Dragon Ball Z
Point and Click
Ahhhhh, the good old days. Foosball tables, Razor scooters and $500,000 projects. Clients that pitched projects with descriptions that included, "So here's my idea. I want a website to generate millions of dollars a week. Oh, and I don't really want to have to do anything to maintain it."
It was an era that birthed companies that grew to mammoth sizes virtually overnight, only to collapse to dust even faster.
For me, that time period wasn't any less crazy. I met, worked with, and became friends with one of my childhood idols, David Copperfield. I visited Broadway, Chicago, Memphis, and Ann Arbor, Michigan. And in the end, it was the web that allowed me and my wife to move from Mississippi back home to Texas.
I learned to love the time difference between Jackson, MS and London, England since it was nice to work on a project, go to sleep, and have feedback on the project when I woke up.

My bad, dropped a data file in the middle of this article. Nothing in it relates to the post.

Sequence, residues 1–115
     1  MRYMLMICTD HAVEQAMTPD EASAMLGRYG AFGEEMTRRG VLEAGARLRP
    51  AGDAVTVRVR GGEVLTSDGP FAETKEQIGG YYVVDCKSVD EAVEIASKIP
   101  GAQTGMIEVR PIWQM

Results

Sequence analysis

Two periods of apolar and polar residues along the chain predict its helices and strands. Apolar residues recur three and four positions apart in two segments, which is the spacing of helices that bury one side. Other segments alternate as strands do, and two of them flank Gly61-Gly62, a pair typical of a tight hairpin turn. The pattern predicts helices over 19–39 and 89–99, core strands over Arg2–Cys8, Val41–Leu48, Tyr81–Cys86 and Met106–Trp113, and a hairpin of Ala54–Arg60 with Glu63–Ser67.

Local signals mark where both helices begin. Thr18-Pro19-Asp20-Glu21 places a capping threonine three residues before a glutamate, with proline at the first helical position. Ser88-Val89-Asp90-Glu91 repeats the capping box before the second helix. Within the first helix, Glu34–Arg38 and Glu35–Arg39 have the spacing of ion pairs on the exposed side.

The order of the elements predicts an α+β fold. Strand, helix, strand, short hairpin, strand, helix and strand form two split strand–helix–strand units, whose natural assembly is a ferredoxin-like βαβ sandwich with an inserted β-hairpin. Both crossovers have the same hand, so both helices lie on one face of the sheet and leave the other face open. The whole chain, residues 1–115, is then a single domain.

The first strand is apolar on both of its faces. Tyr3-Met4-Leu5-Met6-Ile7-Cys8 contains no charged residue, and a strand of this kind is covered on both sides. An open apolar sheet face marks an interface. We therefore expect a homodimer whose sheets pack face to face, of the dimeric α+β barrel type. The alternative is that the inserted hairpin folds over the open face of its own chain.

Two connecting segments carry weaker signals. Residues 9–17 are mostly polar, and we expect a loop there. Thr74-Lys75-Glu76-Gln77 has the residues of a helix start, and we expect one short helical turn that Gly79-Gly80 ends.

In such technologically pioneering time, it taught me the exhilaration, and fear, of saying "absolutely, we can do that." when you really only had a theory of how to do it.
It proved to me, that you can make a living doing something that you would do love to do even as a hobby. And believe me, if you're ever lucky enough to fully realize that little bit of knowledge, then you're not likely to ever work any other way.
Click on items in the menu to the left to see highlights of my journey through the glorious "dot.com days".